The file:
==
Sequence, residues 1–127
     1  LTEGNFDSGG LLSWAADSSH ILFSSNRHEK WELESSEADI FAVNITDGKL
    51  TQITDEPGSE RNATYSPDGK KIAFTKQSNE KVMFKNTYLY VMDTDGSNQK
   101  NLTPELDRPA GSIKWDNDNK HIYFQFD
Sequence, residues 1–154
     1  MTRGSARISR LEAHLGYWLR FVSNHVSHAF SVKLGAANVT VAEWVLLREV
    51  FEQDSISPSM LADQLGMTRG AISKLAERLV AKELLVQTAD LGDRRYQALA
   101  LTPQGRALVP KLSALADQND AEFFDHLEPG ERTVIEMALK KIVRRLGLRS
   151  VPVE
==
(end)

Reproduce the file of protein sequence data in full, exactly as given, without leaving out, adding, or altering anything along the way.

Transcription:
Sequence, residues 1–127
     1  LTEGNFDSGG LLSWAADSSH ILFSSNRHEK WELESSEADI FAVNITDGKL
    51  TQITDEPGSE RNATYSPDGK KIAFTKQSNE KVMFKNTYLY VMDTDGSNQK
   101  NLTPELDRPA GSIKWDNDNK HIYFQFD
Sequence, residues 1–154
     1  MTRGSARISR LEAHLGYWLR FVSNHVSHAF SVKLGAANVT VAEWVLLREV
    51  FEQDSISPSM LADQLGMTRG AISKLAERLV AKELLVQTAD LGDRRYQALA
   101  LTPQGRALVP KLSALADQND AEFFDHLEPG ERTVIEMALK KIVRRLGLRS
   151  VPVE